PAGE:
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In a Different Voice


11 Jun 2009 21:36No Comments
Iran-elections-An-Iranian-002.jpg[ dispatch ] It's 3:00 a.m. A friend and I are cruising the streets of Tehran, which have turned into virtual discos. The music ranges from Persian pop to rap and electronic house music. Those who have come to a standstill in their cars, socialize with others. And the youth have put their public dancing skills on display in the streets; this is one of those rare moments the youth partying enthusiasts rise from the underground to on the ground, from private sphere to public space.

Green headbands, scarves, balloons and banners, the color of Mousavi's campaign, is seen everywhere.

The number of women in the streets is stunning. Former primer minister Mir Hossein Mousavi, considered President Mahmoud Ahmadinejad's main rival, has promised equal rights for women. This has attracted a lot of female voters, who are chanting, "We don't want the government of moral police patrol."

Over the past week, many, notably the young, have been organizing debate parties. Friends watch the debates together and discuss them afterward, just as they do for important football matches.

This was not only the first time the candidates engaged in live televised debates; as millions watched, for the first time they publicly accused each other of financial corruption and called each other liars. These debates have provided an opening for a lot of people to start speaking out too. In fact, it was the language used by Mr. Ahmadinejad, which kicked the whole thing off and given the people so much momentum.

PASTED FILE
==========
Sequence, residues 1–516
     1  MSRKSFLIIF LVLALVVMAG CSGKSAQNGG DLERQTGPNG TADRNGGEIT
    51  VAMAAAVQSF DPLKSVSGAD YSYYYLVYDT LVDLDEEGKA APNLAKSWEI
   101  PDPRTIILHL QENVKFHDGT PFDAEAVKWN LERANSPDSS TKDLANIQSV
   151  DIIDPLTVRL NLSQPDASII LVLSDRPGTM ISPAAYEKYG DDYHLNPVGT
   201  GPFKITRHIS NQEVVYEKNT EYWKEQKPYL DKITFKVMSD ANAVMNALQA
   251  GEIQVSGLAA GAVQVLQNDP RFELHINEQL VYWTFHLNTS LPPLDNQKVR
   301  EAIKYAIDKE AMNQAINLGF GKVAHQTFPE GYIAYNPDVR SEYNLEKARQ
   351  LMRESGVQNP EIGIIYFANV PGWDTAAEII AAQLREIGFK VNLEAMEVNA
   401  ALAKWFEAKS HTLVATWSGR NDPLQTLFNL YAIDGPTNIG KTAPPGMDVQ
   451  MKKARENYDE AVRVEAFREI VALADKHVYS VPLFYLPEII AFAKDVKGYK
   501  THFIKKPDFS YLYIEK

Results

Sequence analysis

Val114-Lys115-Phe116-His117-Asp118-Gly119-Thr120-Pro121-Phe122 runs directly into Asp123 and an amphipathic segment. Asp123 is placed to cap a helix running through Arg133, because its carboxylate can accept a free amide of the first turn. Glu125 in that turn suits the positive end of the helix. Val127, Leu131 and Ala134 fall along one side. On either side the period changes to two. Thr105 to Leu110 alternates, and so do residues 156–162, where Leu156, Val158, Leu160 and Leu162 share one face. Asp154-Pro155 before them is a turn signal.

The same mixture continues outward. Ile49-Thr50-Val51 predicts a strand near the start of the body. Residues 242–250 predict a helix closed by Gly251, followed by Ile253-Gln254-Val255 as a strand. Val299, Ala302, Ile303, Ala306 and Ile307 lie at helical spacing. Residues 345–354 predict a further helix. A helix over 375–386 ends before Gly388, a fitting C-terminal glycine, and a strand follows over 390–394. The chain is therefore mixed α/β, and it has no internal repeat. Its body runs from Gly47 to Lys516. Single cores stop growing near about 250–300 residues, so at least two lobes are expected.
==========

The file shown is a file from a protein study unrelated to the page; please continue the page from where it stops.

A woman leans into our car. "Vote for Mousavi! He is going to make it possible for women to decide freely about their headscarves! He will let women regain their real social status!" Another group of women say that they will remove their scarves as a symbolic gesture the day Mousavi is elected.

For me, more remarkable than all of this, is the fact that the candidates have moved women's issues to the forefront of their campaigns for the first time. This is a show that they now know women's demands--and their vote--does indeed matter.

As Mousavi actively campaigns with his wife, even details such as always waiting for her to sit before he does, is noted by many women.

Though authorities have been criticizing western-style freedom for women for decades--women in the West are used for commercial purposes, Islamic cover will revive women's dignity, and so on--none of the candidates are touting such slogans now. Now they talk about the demands women have.

Mehdi Karroubi, a reformist candidate and a cleric, says that women should not be forced to veil. He has promised to grant a number of cabinet seats to women. Mohsen Rezaie, the former head of Iran's Revolutionary Guards, also talks about reforming laws to allow for more equality for women, and for better access to employment and education.